Asked about the Democratic Progressive Party’s (DPP) China policy in an interview with Radio Taiwan International last week, DPP Chairman Su Tseng-chang (蘇貞昌) responded with two concepts: “Seagull on the beach” and “China plus one.”
Su said the cross-strait relationship should be like “a seagull on the beach” because “a man on a beach should learn how to watch a seagull and appreciate its beauty from a distance. If he tried to catch it, it would fly away.” He also urged Beijing to create a “China plus one” situation by stopping the oppression of Taipei’s international space and respecting it in bilateral engagements, so that both sides could coexist in the international community.
His comments immediately drew criticism from party members and supporters, with some saying that the seagull would have to fly away eventually and others arguing that the description of China as a human being and Taiwan as a bird was belittling.
Neither did China have a nice word to say about it, as a Taiwan Affairs Office spokesperson said the DPP remains supportive of Taiwan independence and no shortcut should be taken.
Su had to dispatch the DPP’s representative to the US, Joseph Wu (吳釗燮), to Washington to elaborate on and explain the concepts. The DPP’s effort in seeking a replacement for the Chinese Nationalist Party’s (KMT) so-called “1992 consensus” as the foundation of cross-strait engagement and summarizing its China policy with a simple term or set phrase appears to have failed once again.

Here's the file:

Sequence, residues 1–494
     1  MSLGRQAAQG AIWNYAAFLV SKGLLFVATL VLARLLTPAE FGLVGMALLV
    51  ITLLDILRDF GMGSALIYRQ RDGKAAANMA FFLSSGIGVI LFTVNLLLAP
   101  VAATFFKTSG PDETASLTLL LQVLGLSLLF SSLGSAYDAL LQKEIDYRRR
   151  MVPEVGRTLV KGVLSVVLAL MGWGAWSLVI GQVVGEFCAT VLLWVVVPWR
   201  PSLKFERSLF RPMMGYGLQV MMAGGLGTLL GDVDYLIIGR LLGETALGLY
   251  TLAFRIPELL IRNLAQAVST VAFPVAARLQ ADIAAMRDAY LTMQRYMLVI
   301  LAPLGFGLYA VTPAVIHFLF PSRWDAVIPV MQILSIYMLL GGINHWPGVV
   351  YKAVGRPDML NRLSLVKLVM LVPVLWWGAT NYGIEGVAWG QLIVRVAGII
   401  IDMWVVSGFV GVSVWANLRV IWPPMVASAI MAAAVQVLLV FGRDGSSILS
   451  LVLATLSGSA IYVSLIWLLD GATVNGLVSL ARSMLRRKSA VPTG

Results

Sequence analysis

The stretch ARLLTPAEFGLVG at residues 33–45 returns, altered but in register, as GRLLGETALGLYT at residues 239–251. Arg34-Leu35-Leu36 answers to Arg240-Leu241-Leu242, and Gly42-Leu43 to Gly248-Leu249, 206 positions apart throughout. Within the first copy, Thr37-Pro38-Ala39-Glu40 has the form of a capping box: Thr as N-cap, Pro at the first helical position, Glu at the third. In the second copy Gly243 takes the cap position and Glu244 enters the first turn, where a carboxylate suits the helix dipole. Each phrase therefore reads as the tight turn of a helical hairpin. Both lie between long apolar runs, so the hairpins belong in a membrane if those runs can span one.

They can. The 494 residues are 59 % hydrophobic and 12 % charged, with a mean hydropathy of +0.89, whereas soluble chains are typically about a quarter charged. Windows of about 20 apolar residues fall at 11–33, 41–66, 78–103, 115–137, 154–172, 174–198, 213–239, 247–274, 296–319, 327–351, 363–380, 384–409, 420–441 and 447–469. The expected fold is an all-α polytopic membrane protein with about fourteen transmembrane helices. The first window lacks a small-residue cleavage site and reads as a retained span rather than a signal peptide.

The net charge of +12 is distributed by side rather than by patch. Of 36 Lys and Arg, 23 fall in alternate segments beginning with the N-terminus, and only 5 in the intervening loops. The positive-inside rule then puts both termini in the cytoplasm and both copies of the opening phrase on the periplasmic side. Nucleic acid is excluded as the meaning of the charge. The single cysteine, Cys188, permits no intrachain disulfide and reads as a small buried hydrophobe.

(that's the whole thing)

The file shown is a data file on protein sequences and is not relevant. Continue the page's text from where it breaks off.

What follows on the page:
However, the situation is not unprecedented, as former DPP chairperson Tsai Ing-wen’s (蔡英文) failure to impress the US with her “Taiwan Consensus” initiative during the 2012 presidential campaign resulted in Washington’s blatant interference in the election and the DPP’s eventual loss.
Beijing and Washington’s requirement for Taiwan’s China policy to be summarized in a simple term is the greatest myth as well as one of the greatest dangers in interpreting Taiwan’s cross-strait strategy.
The demand for such a term appears to have come from the Chinese, and in particular, the Chinese Communist Party’s habit of naming its national goals and propaganda campaigns — such as the Great Leap Forward, the Destruction of Four Olds and “one country, two systems.”
While political ideology and campaigns are often presented in a simple way for the public to understand, in Taiwan’s case, an oversimplification of those ideas, especially for winning endorsement and praise from foreign governments, would be ignoring the heart of the matter.
President Ma Ying-jeou’s (馬英九) administration was able to impress China and the US while accelerating cross-strait engagement through the KMT’s “1992 consensus” initiative, which, ironically had earlier been rejected by Beijing and was always loosely defined — the same reasons Washington viewed Tsai’s initiative as unappealing. The results of using the “1992 consensus” term over the past five years, which the US praised as a reduction of cross-strait tensions, has been Taiwan’s increasing alignment with China in almost every policy area. Whether the term serves the US’ strategic interests in the Asia-Pacific region is up for debate.